We recently read Frank and Amanda Holmes’ Perfectly Frank blog post in which they were kind enough to highlight the work of WHS and talk about just how useful our website can be in dating wallpapers and finding useful resources. They also talk about some interesting restoration work they have recently been involved in. Thanks to them for allowing us to use an edited version of the post here.
How To Identify Old Wallpapers
In our work we are privileged to come across a wide variety of wonderful wallpapers from yesteryear. But which period do they come from? Many styles have experienced a revival or two as trends come and go.
How do we go about dating wallpaper designs?
Is there a wallpaper archive?
PHOTO 1: A sample from ‘ Selections of Artistic and Inexpensive Machine and Handmade Wallpaper Designs for 1895’, Whitworth Art Gallery archive.
Where to Start Identifying Old Wallpaper
We are members of The Wallpaper History Society, one of the best places to go for help when dating wallpaper discoveries, depending on what has been discovered.
The Wallpaper History Society website has a ‘Galleries’ section on wallpapers by period and by production technique. It’s difficult to include as many as they would wish from after the 1950s due to copyright limitations, but there’s still lots to go on.
In the ‘Resources’ section Useful links, the Wallpaper History Society includes links to other places on the internet where you can explore the subject, including a link to the BBC programme The Fabric of Britain, which is about historic wallpaper https://www.youtube.com/watch?v=KxHXORIpYAI
It’s very good on sanitary paper, and features members of The Wallpaper History Society.
You’ll also find past issues of The Wallpaper History Review journal available to purchase from the online shop, and a useful index (£5) of subjects covered in each publication.
PHOTO 2: Wallpaper History Journal 2022
How to Contact the Wallpaper History Society
Instagram users can follow the @wallpaperhistsoc, which is a good starting point for many. The society’s feed includes followers’ wallpaper finds and feedback from other followers can be helpful. Enquiries can be sent to The Wallpaper History Society via Instagram DM or by email to firstname.lastname@example.org
Please include as much context as possible (location of property, type of property, age, info on occupants, room where the paper was discovered etc.)
The V&A Collection
The V&A has an excellent online collection of period wallpapers, though it is sometimes hard to navigate, unless you know what you are looking for. Search by date, colour, or designer etc. https://collections.vam.ac.uk/search/?q=wallpaper&year_made_from=&year_made_to=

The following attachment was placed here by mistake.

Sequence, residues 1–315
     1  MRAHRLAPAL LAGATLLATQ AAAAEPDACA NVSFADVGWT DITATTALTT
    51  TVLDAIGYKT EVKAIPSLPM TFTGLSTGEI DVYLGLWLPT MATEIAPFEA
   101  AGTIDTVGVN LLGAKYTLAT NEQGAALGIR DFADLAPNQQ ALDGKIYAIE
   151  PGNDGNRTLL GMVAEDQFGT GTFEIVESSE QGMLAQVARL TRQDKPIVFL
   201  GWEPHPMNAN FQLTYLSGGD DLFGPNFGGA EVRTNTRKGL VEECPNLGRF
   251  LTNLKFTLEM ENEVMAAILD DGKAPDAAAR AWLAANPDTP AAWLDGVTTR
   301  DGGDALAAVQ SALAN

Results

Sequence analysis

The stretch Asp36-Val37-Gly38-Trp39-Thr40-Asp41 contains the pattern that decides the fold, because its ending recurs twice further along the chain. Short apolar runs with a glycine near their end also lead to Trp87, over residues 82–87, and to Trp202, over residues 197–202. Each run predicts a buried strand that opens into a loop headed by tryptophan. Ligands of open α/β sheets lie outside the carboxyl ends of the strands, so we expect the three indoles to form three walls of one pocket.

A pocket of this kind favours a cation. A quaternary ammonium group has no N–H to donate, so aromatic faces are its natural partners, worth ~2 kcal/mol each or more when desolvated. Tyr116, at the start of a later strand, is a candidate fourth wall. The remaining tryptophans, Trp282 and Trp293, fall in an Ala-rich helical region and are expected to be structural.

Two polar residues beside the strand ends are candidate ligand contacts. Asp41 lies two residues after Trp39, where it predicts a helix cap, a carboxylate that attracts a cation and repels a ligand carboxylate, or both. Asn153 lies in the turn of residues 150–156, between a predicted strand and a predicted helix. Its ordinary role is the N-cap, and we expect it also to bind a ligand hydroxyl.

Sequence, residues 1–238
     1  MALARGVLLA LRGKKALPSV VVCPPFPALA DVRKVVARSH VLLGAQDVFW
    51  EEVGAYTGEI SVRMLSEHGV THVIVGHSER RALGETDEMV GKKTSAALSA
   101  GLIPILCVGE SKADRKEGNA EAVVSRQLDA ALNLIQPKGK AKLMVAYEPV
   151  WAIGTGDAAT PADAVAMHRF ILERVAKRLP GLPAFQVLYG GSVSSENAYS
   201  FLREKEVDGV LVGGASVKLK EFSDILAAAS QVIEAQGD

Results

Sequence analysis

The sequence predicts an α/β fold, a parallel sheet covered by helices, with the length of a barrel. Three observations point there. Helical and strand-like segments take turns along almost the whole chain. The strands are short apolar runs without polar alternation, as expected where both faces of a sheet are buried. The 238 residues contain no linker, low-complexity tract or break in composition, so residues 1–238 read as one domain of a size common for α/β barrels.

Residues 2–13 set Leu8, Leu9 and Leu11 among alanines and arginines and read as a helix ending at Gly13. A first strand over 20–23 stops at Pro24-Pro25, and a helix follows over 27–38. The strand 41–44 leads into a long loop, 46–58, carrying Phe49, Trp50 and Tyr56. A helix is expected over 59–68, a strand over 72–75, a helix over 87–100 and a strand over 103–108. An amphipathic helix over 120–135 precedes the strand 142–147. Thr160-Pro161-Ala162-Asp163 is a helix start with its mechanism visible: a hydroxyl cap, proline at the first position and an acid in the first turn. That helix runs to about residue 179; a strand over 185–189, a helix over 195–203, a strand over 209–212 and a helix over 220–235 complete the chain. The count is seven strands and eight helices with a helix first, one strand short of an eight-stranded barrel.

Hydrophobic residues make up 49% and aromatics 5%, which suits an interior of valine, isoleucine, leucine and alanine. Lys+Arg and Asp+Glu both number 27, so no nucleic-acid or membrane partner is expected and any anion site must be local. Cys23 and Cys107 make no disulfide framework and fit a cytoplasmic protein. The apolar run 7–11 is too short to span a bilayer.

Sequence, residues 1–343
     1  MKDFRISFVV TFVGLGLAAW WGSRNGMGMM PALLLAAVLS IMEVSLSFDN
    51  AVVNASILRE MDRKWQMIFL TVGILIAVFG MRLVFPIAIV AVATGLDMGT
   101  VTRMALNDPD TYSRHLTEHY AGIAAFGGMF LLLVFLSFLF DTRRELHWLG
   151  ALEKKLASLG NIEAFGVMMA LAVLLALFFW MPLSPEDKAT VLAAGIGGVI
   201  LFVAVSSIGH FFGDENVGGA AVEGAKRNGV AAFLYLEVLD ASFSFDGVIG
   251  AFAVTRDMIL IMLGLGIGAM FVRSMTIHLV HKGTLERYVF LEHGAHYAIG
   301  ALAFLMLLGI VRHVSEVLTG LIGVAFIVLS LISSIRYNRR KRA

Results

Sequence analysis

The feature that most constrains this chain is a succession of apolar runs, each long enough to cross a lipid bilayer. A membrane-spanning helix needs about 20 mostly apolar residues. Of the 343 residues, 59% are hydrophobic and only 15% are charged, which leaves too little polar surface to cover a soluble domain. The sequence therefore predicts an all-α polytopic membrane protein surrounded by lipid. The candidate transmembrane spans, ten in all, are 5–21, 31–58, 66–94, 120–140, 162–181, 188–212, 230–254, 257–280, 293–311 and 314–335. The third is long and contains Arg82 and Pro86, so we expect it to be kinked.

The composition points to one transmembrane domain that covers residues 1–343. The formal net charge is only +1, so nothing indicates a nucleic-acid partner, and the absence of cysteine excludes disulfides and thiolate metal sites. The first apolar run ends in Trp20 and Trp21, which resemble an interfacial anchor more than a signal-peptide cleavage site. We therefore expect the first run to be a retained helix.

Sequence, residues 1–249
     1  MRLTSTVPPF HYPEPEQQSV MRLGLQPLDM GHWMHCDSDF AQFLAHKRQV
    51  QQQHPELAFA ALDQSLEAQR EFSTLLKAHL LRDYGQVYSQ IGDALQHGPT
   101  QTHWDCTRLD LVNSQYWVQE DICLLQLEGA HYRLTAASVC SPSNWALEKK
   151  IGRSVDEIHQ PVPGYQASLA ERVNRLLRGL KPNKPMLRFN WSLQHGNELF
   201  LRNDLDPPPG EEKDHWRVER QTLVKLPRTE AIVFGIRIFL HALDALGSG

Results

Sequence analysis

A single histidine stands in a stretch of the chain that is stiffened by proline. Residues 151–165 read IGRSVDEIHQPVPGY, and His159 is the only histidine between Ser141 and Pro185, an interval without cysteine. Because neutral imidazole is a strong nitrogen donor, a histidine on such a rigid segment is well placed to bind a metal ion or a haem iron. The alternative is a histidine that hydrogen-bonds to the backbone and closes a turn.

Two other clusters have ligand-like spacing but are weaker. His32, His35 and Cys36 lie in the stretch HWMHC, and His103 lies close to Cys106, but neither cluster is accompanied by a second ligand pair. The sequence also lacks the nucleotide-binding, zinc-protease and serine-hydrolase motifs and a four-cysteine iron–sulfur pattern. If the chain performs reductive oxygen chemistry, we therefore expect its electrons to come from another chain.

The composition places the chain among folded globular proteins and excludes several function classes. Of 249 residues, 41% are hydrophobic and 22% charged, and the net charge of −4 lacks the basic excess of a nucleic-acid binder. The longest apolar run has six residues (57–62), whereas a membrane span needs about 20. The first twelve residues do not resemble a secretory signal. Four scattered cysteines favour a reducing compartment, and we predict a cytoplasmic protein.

Restoring Victorian Embossed Wallpapers
The new ‘modern’ relief decorations introduced in the late nineteenth century were designed to replicate stucco work, carved and panelled timber, and embossed leather decorations. The first of these substitutes was Tynecastle Tapestry (c.1874), although the most widely recognised are Lincrusta (1877) and Anaglypta (1887).
What is the difference between Lincrusta and Anaglypta? Read our answer to this and more FAQs here.
PHOTO 3: Lincrusta catalogue from the collection of The Whitworth, University of Manchester.
As an Approved Lincrusta Installer and Restorer, we come across these and other similar raised relief wallpapers in our work. We have our own growing archive of catalogues, adverts, articles, plus access to Lincrusta and Anaglypta company archives dating from c.1870s.
Historic Tynecastle Wallpapers at Langdale Chase Hotel, Windermere
The Langdale Chase Hotel reopens this month following a major refurbishment over the last 12 months. Built in 1891, the hotel sits in an enviable position on the shores of Lake Windermere. Frank was privileged to play a small part in its continuing evolution this year when he was asked to help restore what was thought to be Lincrusta.
PHOTO 4: Langdale Chase Hotel, Windermere, Lake District, UK
When we saw a piece of the frieze, we immediately thought it wasn’t Lincrusta due to its hollow-backed relief. Lincrusta is solid.
PHOTO 5: Tynecastle frieze and ceiling tiles c.1891 at Langdale Chase Hotel, Windermere
We took the sample away and photos of the other six embossed wallpaper designs from across two lounges. After an extensive search of the archives, we ruled out Lincrusta, Anaglypta and Salamander. We were then very excited to discover each design in our Tynecastle Tapestry catalogues.
PHOTO 6: The frieze and ceiling tile designs found in the Tynecastle catalogues
To see these for yourself, visit the Langdale Chase Hotel, Windermere, which reopened to the public on 15th November 2023.
PHOTO 7: The restored ceiling tiles in the hotel bar
If you have done your own wallpaper detective work and use Instagram, tag us @frank_holmes_fine_decor, as we’d love to see!
We’re also very keen to learn more about Scott Morton Tynecastle so please email us if you have any information. Thanks.
Frank and Amanda Holmes
Frank Holmes Fine Decor, Morecambe, England